Every code change bears the risk of causing undesired side effects that lead to error states in the software. In order to find such errors at an early stage (and not only in production), automated tests must validate both previous functionality and new functionality of the software.
First, the project goals (vision) and a rough roadmap should be defined. The necessary budget must not be neglected here. As expected, the effort involved in developing fully automated tests is much higher at the beginning of the project than later during operation. However, a certain “background noise” always remains, as test results have to be evaluated, test cases adapted, and new test functionalities implemented.
After the procedures and processes of the software to be tested have been clearly defined, the tools and frameworks are selected. Subsequently, the first prototypes should be presented in a kick-off in order to create acceptance for the tools used.
Automated software testing — an introduction
After successfully building the (new) software, the test automation is automatically started with the software version to be tested. In the case of installable software, this must be done without manual intervention in so-called “silent mode.” By the way, most software installers offer a “response file.” A response file is a text file that contains the corresponding dialogs and inputs that the user specified when installing for the first time.
The software is then automatically set up and parameterized, and the correct functioning of applications, services, browser, GUI, etc. is tested. If the software product to be tested supports different platforms (Unix, Linux, Windows), all of these operating systems must be tested, at best in parallel and in a nightly run. In this way, long-running tests can be carried out efficiently, the utilization of hardware resources is better distributed, and the test results are available in the morning for further analysis.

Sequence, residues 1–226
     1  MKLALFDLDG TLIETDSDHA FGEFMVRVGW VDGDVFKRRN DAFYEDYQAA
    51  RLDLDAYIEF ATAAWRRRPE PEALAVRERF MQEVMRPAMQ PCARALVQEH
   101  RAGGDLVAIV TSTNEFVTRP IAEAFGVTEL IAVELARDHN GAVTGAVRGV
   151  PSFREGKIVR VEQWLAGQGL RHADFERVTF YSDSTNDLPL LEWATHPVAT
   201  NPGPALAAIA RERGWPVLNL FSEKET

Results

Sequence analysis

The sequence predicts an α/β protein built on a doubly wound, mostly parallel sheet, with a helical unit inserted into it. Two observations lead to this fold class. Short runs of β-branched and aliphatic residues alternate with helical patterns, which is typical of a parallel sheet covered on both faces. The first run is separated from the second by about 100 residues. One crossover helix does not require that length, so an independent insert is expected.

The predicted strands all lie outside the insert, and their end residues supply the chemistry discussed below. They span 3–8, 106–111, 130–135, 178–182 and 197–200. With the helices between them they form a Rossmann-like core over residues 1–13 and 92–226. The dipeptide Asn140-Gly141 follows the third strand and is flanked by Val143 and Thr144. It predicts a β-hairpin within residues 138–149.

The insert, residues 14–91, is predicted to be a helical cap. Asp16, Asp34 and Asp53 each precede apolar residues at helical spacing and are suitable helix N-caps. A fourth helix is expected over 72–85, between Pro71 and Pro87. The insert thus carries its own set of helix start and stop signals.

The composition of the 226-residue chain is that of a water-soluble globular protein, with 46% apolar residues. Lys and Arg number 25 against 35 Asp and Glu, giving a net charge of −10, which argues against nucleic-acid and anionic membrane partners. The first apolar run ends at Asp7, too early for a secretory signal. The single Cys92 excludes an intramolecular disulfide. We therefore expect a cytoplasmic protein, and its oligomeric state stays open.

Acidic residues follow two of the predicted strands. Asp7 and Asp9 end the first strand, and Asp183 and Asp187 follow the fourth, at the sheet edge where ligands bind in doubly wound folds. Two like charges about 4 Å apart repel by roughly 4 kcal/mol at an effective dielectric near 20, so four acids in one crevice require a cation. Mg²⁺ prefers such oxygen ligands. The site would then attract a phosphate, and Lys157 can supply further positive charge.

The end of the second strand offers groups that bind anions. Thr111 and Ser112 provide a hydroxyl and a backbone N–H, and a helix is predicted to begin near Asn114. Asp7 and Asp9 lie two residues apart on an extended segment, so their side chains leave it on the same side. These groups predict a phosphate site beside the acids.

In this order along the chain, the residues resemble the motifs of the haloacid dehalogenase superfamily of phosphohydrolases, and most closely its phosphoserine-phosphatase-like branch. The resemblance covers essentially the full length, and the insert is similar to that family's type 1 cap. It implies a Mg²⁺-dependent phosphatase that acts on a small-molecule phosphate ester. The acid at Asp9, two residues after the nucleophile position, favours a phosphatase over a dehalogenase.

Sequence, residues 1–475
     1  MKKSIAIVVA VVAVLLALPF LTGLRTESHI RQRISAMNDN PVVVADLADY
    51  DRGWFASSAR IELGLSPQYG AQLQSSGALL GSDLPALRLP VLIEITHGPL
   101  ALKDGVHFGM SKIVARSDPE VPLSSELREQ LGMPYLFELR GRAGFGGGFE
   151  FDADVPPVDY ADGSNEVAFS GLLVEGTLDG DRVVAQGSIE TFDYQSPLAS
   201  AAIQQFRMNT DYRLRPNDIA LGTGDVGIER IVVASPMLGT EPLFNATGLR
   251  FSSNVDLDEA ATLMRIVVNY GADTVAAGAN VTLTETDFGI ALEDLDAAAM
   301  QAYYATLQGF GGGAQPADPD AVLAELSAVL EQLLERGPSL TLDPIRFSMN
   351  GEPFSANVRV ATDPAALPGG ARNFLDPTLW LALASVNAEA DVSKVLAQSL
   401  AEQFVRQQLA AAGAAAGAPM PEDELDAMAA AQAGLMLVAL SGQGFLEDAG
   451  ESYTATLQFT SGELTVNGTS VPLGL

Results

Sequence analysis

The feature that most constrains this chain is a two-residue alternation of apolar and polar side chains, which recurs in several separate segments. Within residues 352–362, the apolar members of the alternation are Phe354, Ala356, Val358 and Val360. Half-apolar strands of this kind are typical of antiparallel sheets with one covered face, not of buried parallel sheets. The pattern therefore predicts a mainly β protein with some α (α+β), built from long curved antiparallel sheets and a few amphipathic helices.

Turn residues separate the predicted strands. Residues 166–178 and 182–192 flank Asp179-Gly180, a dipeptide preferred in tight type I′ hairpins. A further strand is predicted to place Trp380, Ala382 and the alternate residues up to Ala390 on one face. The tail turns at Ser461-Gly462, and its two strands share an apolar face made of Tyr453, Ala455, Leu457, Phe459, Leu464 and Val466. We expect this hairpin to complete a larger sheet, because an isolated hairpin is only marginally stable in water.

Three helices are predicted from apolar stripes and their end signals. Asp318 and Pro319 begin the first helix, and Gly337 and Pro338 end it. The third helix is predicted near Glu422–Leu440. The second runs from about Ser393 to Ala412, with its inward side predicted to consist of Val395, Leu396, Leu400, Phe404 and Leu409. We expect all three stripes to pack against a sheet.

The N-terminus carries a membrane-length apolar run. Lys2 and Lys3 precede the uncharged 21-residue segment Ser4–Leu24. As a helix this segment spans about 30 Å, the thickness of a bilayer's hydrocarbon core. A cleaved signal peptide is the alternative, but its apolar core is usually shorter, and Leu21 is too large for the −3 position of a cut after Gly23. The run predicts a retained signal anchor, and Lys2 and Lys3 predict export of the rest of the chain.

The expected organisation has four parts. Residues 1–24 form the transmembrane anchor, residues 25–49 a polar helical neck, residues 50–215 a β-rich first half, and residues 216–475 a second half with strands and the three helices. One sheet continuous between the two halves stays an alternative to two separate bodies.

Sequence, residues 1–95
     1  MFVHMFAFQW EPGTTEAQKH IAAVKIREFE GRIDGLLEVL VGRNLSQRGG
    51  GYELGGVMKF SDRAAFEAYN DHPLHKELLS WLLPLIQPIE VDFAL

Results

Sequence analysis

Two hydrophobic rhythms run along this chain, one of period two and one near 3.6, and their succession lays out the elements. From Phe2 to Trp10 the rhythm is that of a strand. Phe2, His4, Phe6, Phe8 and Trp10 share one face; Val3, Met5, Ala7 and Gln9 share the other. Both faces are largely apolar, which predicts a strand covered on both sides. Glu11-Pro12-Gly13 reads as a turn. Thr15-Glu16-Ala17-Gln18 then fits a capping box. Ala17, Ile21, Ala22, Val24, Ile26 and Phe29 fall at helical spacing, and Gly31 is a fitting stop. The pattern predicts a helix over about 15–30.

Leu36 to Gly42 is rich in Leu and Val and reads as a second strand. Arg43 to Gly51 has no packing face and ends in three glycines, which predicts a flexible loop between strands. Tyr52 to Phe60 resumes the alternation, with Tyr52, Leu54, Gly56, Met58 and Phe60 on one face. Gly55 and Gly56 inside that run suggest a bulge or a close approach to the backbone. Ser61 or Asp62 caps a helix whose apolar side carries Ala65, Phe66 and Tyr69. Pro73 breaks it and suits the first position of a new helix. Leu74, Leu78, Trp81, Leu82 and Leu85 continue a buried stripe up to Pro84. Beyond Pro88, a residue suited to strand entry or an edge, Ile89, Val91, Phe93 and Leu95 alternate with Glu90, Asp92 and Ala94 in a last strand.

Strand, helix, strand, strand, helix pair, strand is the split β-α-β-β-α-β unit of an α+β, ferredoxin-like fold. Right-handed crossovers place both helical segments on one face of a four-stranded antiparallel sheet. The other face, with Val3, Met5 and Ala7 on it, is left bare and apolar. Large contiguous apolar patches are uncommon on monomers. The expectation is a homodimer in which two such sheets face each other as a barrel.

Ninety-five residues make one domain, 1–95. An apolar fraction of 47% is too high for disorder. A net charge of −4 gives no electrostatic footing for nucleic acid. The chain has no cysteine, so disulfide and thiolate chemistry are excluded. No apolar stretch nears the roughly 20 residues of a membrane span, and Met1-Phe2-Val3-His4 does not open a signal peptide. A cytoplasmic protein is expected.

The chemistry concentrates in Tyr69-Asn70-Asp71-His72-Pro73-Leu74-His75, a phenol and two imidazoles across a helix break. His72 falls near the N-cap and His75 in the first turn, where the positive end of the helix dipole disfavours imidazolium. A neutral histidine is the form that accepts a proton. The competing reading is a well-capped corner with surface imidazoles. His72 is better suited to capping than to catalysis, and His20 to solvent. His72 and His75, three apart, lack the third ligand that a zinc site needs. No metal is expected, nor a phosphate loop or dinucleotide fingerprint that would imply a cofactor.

If a large number of tests run in parallel on several different test systems, then the use of a virtual computer system, or virtual machine (VM), is recommended. If you do not want to use your own hardware, cloud computing is an interesting alternative. Here, the IT resources that are needed are also provided.
Testing with the Robot Framework
For the development of fully automated software tests, the Robot Framework is my clear favorite. Decisive factors are the extensive modular system for expanding the range of functions, as well as the simple handling with good integration possibilities. Another plus point is the simple, table-like structure of the test cases, which requires only a short training period.
The Robot Framework focuses on user tests (acceptance tests and end-to-end tests) but is also used for system tests and smoke tests. The Robot Framework, developed in Python, is freely available as open source software (Apache license). A new major release, Robot Framework 5.0, was published toward the end of March 2022.